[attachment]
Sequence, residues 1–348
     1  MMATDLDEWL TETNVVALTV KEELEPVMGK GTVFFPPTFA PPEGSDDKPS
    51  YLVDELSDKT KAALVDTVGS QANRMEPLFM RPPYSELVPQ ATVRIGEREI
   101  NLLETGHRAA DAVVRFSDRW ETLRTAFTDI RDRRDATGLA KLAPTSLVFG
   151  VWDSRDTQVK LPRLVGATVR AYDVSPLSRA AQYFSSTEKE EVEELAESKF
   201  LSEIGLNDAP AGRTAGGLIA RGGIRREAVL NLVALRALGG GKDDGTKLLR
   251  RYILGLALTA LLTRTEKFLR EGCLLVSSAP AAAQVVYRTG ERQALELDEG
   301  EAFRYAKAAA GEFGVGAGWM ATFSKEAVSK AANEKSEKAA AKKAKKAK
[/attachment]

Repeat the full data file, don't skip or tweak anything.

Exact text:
Sequence, residues 1–348
     1  MMATDLDEWL TETNVVALTV KEELEPVMGK GTVFFPPTFA PPEGSDDKPS
    51  YLVDELSDKT KAALVDTVGS QANRMEPLFM RPPYSELVPQ ATVRIGEREI
   101  NLLETGHRAA DAVVRFSDRW ETLRTAFTDI RDRRDATGLA KLAPTSLVFG
   151  VWDSRDTQVK LPRLVGATVR AYDVSPLSRA AQYFSSTEKE EVEELAESKF
   201  LSEIGLNDAP AGRTAGGLIA RGGIRREAVL NLVALRALGG GKDDGTKLLR
   251  RYILGLALTA LLTRTEKFLR EGCLLVSSAP AAAQVVYRTG ERQALELDEG
   301  EAFRYAKAAA GEFGVGAGWM ATFSKEAVSK AANEKSEKAA AKKAKKAK